How often should you check your credit score? You can monitor the three-digit number, which gives lenders an idea of how large a risk you pose as a borrower, as frequently or as seldom as you like.
Since your credit score impacts your ability to borrow money as well as your loan rates and terms, it makes sense to establish best practices for how often you should check your score.
How often should you check your credit score?
Greg Mahnken, a credit industry analyst at Credit Card Insider, suggests monitoring it regularly.
“You can check your credit scores a few times per year, and, at most, it’s practical to check once per month,” Mahnken says. “Your credit scores are usually updated monthly when your credit reports are updated. It’s important to know roughly where your credit scores are throughout the year. Small fluctuations to your scores are normal and shouldn’t be a cause for alarm.”
Of course, there are times when you’ll want to keep a closer watch on your score. If you’re planning to apply for a new financial product — like a credit card, mortgage, or auto loan, for example — checking your score lets you know where you stand. If your score is lower than you’d like, you can take steps to raise it before applying.
But that’s not the only time to keep a close eye on things. “You may want to monitor your credit scores more often if you’ve been a victim of fraud,” adds Mahnken.
“Big changes to your scores that don’t reflect your behavior, such as hard credit inquiries if you haven’t applied for anything, are a signal that you should look at your credit reports and dispute any fraudulent activity,” he says.
A hard credit inquiry occurs when a lender checks your credit to make a lending decision, Mahnken explains. Common examples include when you apply for a loan or credit card — or even when you apply for a contract cell phone plan. When you check your score, it’s considered a soft credit inquiry.
How to check your credit score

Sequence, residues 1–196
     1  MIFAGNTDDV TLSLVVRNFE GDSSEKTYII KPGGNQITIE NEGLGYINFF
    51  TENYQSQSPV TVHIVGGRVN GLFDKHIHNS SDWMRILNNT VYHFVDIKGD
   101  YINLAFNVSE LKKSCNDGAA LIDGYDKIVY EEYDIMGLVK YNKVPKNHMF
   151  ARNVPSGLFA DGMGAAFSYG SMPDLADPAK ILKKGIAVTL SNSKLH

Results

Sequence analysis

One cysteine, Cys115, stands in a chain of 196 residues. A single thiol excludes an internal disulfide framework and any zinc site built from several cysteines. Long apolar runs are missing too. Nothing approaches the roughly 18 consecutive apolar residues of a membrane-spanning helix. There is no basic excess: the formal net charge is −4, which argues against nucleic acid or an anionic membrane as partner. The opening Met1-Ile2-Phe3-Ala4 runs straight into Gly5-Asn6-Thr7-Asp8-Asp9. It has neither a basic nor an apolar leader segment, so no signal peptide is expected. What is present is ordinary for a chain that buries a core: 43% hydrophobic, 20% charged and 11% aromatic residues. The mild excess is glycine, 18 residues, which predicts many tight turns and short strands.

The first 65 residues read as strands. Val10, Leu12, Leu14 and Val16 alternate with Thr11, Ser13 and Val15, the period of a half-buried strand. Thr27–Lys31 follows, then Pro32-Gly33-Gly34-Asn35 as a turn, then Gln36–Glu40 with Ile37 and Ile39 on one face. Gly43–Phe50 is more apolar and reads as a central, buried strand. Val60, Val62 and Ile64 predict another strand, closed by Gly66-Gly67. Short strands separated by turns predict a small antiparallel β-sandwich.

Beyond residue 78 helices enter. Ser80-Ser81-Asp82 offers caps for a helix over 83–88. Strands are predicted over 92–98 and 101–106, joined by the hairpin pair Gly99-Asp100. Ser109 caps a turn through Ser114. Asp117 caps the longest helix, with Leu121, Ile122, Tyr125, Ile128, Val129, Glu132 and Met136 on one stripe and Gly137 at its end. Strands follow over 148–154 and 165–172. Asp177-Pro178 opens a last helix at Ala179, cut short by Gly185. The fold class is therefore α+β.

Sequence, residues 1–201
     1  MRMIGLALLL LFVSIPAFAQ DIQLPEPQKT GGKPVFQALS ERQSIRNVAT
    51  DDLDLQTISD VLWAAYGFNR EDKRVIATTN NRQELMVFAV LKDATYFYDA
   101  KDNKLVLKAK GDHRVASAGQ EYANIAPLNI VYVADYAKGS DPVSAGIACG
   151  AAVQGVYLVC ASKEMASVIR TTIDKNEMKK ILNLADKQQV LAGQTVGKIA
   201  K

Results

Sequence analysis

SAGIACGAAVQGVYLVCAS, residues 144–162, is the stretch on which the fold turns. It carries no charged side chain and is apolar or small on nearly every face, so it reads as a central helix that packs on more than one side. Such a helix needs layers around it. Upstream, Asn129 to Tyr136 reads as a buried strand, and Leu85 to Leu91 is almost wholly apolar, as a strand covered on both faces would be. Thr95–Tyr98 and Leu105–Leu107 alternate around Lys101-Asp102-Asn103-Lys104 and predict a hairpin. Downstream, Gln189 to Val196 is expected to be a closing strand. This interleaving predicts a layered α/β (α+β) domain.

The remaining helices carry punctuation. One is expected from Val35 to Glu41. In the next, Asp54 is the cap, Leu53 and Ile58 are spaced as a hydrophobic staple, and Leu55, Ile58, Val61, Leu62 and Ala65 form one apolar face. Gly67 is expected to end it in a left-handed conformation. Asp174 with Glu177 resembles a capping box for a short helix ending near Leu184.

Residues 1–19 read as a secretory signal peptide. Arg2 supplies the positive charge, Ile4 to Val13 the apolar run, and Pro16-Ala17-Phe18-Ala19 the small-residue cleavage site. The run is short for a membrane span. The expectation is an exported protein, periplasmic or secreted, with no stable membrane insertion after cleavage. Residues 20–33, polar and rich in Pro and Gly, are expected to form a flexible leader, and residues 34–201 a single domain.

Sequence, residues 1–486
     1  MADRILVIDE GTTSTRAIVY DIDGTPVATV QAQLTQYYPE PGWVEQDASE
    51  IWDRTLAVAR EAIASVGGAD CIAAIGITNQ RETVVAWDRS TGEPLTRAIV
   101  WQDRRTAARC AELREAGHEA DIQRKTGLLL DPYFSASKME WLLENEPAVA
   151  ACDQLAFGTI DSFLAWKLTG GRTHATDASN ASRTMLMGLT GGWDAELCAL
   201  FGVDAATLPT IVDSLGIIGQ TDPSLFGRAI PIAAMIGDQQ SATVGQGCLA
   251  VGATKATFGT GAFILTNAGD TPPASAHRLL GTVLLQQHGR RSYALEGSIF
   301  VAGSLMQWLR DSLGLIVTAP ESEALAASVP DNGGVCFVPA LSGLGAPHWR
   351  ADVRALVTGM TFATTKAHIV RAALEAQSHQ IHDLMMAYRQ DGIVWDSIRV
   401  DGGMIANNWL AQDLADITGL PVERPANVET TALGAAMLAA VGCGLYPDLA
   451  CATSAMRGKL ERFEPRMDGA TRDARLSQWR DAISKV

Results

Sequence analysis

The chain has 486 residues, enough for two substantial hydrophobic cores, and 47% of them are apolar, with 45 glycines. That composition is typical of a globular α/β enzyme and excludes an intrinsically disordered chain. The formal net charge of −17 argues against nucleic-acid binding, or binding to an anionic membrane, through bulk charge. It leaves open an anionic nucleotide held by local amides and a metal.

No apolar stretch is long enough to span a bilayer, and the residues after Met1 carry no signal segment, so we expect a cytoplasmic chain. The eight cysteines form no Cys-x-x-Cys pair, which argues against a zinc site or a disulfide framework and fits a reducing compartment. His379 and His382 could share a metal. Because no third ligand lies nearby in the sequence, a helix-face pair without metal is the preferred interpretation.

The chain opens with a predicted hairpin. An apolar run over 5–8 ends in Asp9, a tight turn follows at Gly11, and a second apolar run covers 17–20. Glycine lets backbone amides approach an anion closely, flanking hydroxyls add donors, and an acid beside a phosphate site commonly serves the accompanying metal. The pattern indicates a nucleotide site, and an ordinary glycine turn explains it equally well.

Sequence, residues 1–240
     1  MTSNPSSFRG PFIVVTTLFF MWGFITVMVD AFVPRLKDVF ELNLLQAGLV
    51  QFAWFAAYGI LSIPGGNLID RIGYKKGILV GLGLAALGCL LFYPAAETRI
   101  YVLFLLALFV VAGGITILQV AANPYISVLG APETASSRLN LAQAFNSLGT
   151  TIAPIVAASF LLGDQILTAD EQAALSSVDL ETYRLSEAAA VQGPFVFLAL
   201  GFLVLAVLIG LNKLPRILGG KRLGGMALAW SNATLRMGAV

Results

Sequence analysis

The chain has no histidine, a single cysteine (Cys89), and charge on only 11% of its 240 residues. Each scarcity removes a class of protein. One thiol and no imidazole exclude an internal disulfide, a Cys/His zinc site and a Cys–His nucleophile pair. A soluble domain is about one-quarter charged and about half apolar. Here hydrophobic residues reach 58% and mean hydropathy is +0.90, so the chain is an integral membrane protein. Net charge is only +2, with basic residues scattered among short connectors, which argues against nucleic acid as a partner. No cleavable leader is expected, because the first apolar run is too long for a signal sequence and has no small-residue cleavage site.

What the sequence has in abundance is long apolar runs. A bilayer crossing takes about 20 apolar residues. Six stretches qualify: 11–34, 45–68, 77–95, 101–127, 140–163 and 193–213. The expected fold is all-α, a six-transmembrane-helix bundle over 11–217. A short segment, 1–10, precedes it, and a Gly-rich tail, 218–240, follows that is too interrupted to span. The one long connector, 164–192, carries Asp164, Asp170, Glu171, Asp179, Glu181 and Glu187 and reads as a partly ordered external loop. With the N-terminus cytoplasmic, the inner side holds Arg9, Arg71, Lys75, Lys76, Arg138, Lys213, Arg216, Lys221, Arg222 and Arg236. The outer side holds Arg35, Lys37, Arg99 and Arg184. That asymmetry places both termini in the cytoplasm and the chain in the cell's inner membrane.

Wondering where and how to check your credit score? Finding it is a free and simple process.
First, check with your credit card issuer or bank — many of these institutions offer customers free access to their credit score. If that doesn’t work, sites like Credit Sesame or Credit Karma offer anyone with an account free access.
What about your credit report?
Though the terms “credit report” and “credit score” are often used interchangeably, they’re not synonymous. Your credit report is a detailed, written history that outlines the amount of debt you have and how well you’ve managed to pay it back. It serves as the basis for your credit score. And just as you check your credit score, you should also monitor your credit report.
According to the Consumer Financial Protection Bureau, you should check your credit report at least once a year to make sure there are no errors or inaccuracies that could keep you from getting credit or the best loan terms.
Mahnken suggests a way to be even more vigilant. “You can get your credit reports from the three major credit bureaus once per year by going to AnnualCreditReport.com,” he says. “Spacing out your three reports allows you to check once every four months.”
What to look for as your review your credit report
To ensure your credit scores are accurate, it’s important to determine that the information on your credit report is correct, explains Freddie Huynh, vice president of credit risk analytics with Freedom Financial Network.
“If you are looking to apply for a loan, you may want to review your credit reports two or three months before you apply to make sure everything is accurate,” he advises. “If you have been consciously working to improve your credit, you may want to check every few months.”
Huynh outlines what to keep an eye on as your look at your credit report: